Senior police constable Michael “Bobby” Peart was unconditionally discharged and had no conviction recorded against him Tuesday after being found guilty earlier of assaulting a suspect in custody.
Following Magistrate Angelyn Hernandez’s ruling, the Royal Cayman Islands Police Service confirmed that Mr. Peart would be returning to active duty with immediate effect.
The officer had been found guilty of assault causing actual bodily harm and common assault against a man in custody on the night of Nov. 28-29, 2014.
The magistrate heard evidence in November 2016 and delivered her verdicts on Dec. 5. 2016. She adjourned sentence pending a social inquiry report.
After hearing mitigation from attorney Kathleen Ryan on Monday and background information from Crown counsel Scott Wainwright, the magistrate reserved her decision until Tuesday. She unconditionally and absolutely discharged the officer.
Mr. Wainwright had explained that the man assaulted by Mr. Peart faced charges relating to the same incident, which had started as a routine traffic stop. The man is accused of assaulting another officer at the side of the road, plus damage and disorderly conduct at the police station. His trial has not yet taken place.
The magistrate had found Mr. Peart guilty of assaulting the man with his baton in the back of a police vehicle and then choking him at the police station.
Ms. Ryan told the court that Mr. Peart had been assisting another officer by restraining the prisoner. “His intention was to keep the situation from escalating,” she said. At the station, his purpose in acting as he did was to reduce the prisoner’s aggression.
Ms. Ryan said Mr. Peart had an exemplary record over his 16 years with the police service; he had twice received a commissioner’s commendation; he had never had any disciplinary actions against him. She asked the court to balance that one incident against his career as a whole.
She pointed out that a conviction would mean the loss of Mr. Peart’s job, which would cause great financial difficulty to his family. She said he wished to apologize to the court, to the complainant and to his superiors in the police service.
In setting out the reasons for her decision to discharge Mr. Peart, the magistrate cited the sentencing guidelines issued in 2015 by Chief Justice Anthony Smellie. The court has to balance a number of competing interests and objectives, she noted. The court has to tailor the punishment to the individual circumstances of the offender while ensuring that the punishment is commensurate with the seriousness of the offense.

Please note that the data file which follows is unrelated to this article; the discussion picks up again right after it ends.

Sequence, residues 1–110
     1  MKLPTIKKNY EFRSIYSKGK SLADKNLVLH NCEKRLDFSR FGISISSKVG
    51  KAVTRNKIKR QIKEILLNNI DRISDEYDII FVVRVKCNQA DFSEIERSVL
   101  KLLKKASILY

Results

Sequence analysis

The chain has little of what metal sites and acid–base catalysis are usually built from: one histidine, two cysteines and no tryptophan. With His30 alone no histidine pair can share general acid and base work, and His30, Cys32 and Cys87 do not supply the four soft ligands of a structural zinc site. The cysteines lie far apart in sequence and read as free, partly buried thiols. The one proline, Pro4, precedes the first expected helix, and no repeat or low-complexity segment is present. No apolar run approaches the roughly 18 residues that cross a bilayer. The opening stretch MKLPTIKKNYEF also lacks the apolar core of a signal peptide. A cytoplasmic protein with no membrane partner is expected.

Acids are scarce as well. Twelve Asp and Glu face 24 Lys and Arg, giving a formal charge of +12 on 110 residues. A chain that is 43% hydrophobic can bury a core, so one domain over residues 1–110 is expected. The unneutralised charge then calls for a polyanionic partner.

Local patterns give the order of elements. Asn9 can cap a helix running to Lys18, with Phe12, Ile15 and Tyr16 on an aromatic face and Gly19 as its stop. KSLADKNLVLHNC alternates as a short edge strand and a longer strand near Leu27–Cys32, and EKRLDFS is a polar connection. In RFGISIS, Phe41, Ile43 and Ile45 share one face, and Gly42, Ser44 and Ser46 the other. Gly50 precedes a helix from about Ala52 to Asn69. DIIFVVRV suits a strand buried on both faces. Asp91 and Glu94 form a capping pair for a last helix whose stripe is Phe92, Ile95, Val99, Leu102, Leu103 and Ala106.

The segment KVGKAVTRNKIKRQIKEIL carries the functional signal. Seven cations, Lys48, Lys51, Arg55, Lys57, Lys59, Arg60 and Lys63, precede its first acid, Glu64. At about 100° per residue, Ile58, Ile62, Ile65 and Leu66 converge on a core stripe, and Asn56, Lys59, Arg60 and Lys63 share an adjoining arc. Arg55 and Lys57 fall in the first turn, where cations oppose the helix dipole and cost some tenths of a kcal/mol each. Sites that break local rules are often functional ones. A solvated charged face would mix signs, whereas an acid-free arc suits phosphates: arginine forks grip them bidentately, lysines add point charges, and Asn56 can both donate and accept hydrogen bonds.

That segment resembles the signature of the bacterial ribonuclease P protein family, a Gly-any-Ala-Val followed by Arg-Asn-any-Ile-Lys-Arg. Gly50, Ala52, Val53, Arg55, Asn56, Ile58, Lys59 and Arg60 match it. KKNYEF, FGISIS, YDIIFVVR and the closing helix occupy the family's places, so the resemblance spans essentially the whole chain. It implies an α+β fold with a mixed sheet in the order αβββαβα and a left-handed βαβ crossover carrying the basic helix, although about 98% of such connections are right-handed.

She cited a U.K. Court of Appeal case in which the judge acknowledged the extremely difficult task police have in discharging their duties. They have a difficult job, especially when dealing with disorderly or difficult people. People being detained can become violent as a result of being angry or in an attempt to secure their release. But the force police use must be proportionate to the situation.
In Mr. Peart’s case, the magistrate commented, the man being arrested “was no doubt a nuisance, but not a threat.” Assistance was required to get the man handcuffed and into the police car, but force was not reasonable when it involved the use of Mr. Peart’s baton and later holding the man by his throat.
She referred to the social inquiry report, which contained information that was not known to her before and helped her understand Mr. Peart’s reactions that night. Without indicating what that information was, she said she considered the period around November 2014 to have been extraordinary times for him. When that information was considered in light of the inflammatory words from the complainant, it amounted to substantial mitigation, she said.
The magistrate pointed out that the law gives her the discretion to not record a conviction when the character, antecedents, age or health of the defendant, or extenuating circumstances, make it inexpedient to inflict any punishment.
The court has to balance justice with mercy, she said, and every case must be dealt with individually. “I cannot see where justice will be served by any other sentence other than an absolute discharge,” she ruled.
She emphasized that she was not turning a blind eye to the officer’s use of force, but said her decision was based heavily on the extenuating circumstances.